The Apple logo is displayed at a company store in Hong Kong. (Anthony Kwan/Bloomberg)
Media critic

The Big Hack," a resounding story published by Bloomberg Businessweek on Oct. 4, 2018, triggered almost immediate and forceful denials from many of its subjects. The story alleged that a supply chain attack originating in China had affected companies such as server producer Supermicro, Apple, a company acquired by Amazon — plus dozens of other unnamed firms. The companies lashed back, with Apple CEO Tim Cook and an Amazon Web Services official asserting that a retraction was in order. (Amazon founder Jeff Bezos owns The Post.)

Days after the story surfaced, a National Security Agency official declared, ”We’re just befuddled,” and appealed to the public for information about Chinese hardware hacking. Director of National Intelligence Daniel Coats told CyberScoop for an Oct. 18 story, ”We’ve seen no evidence of that, but we’re not taking anything for granted. We haven’t seen anything, but we’re always watching.”

As the various repudiations stacked up, Bloomberg radiated confidence: “Bloomberg Businessweek’s investigation is the result of more than a year of reporting, during which we conducted more than 100 interviews. Seventeen individual sources, including government officials and insiders at the companies, confirmed the manipulation of hardware and other elements of the attacks. We also published three companies’ full statements, as well as a statement from China’s Ministry of Foreign Affairs. We stand by our story and are confident in our reporting and sources.”

This statement was not an instance of spin or fancy PR. Bloomberg believed in the story, no matter the pushback. According to informed sources, the company entered “The Big Hack” for consideration in the 2019 National Magazine Awards, a.k.a. the Ellies. The category was “public interest,” which honors “magazine journalism that illuminates issues of national importance.”

It’s unclear what the Ellie judges thought about “The Big Hack,” but the story didn’t qualify as a finalist. That distinction went to work from HuffPost, National Geographic, New York Times Magazine, New Yorker and ProPublica.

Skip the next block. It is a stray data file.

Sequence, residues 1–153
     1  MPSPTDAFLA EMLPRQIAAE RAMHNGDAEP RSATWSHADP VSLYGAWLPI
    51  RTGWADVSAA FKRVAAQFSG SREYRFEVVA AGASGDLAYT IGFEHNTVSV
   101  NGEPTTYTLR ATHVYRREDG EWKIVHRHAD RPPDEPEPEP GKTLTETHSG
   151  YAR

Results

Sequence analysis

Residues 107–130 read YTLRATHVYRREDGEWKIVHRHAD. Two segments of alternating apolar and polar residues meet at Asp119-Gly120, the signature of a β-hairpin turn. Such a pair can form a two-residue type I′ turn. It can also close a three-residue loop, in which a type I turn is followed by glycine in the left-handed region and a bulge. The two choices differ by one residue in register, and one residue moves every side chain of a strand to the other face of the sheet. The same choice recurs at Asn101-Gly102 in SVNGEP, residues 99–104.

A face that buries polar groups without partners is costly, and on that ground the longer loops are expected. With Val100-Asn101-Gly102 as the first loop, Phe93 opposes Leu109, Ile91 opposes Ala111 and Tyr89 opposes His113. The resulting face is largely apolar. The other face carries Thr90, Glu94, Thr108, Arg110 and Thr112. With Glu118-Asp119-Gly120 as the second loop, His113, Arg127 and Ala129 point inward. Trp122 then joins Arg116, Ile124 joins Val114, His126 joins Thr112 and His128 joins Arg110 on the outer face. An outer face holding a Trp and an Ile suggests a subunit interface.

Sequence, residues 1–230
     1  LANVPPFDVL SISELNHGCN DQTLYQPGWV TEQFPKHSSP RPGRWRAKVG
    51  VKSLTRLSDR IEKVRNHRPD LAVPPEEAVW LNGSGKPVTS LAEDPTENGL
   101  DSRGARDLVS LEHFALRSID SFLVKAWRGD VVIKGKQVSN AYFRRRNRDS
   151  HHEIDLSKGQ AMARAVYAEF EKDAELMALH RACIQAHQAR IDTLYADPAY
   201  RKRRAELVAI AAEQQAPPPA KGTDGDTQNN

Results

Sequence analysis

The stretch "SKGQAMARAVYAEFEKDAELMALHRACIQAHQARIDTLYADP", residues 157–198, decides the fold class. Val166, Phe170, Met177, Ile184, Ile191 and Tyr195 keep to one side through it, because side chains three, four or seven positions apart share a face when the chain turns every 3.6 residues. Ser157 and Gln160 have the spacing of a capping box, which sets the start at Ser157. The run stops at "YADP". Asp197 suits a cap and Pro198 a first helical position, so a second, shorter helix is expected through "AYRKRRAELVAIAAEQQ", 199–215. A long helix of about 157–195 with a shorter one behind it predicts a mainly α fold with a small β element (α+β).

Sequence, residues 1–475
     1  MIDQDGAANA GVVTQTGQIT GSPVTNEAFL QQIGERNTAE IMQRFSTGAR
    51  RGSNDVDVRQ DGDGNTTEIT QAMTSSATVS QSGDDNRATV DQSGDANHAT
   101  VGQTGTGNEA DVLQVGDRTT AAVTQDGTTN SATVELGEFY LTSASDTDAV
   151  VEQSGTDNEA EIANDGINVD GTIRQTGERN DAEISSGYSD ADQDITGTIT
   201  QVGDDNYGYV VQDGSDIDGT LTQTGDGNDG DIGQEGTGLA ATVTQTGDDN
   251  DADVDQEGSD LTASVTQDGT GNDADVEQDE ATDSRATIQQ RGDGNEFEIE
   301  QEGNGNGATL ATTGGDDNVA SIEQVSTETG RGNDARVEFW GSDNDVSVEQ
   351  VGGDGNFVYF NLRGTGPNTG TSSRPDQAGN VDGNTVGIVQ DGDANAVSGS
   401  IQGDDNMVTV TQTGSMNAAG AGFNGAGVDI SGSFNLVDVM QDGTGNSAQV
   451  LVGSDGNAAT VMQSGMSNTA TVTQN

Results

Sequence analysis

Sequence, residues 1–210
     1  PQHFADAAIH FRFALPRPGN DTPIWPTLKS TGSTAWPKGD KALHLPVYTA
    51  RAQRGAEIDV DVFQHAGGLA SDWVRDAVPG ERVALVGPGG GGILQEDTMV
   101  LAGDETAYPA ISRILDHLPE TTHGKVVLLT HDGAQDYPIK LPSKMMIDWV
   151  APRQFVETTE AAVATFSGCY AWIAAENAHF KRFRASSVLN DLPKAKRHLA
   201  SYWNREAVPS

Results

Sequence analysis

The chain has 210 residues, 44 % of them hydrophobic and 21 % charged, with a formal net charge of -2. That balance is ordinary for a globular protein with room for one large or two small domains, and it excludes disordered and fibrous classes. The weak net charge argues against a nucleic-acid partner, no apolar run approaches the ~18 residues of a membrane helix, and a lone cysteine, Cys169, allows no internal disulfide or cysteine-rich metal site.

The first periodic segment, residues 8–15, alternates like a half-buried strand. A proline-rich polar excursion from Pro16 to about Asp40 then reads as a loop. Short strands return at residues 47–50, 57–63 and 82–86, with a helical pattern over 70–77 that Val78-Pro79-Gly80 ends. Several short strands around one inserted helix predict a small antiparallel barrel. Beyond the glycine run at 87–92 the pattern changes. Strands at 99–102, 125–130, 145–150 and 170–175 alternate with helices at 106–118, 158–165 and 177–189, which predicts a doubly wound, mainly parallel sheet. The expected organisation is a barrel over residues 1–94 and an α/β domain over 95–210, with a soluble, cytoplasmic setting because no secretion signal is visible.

A Bloomberg spokeswoman told the Erik Wemple Blog, “We do not discuss our award submissions.”

The head-scratching dimension of the submission is its apparent overlap with Bloomberg’s efforts to continue reporting “The Big Hack.” As this blog reported, a Bloomberg reporter on Nov. 19 sent this inquiry to an Apple employee: ”My colleagues’ story from last month (Super Micro) has sparked a lot of pushback. I’ve been asked to join the research effort here to do more digging on this . . . and I would value hearing your thoughts (whatever they may be) and guidance, as I get my bearings.” The first Ellie submission deadline was Nov. 13.

Several other news outlets attempted to replicate Bloomberg’s reporting about the alleged Chinese hardware attack. Thus far, they have failed to do so, conferring on “The Big Hack” the dubious distinction of a permanent exclusive. “Being alone is great for about two days and then you start saying, ‘Where is everyone else or where is anybody else?’” Bob Woodward told the Erik Wemple Blog in January.

We asked Bloomberg what has come of its post-“Big Hack“ reporting, among other inquiries. A company spokeswoman directed us back to that well-worn statement.

Read more:

Erik Wemple: Facebook exec: It would be ‘devastating’ if we ‘lost’ local news

Erik Wemple: Report: Tucker Carlson got support from Murdoch heir after saying immigration made U.S. ‘dirtier’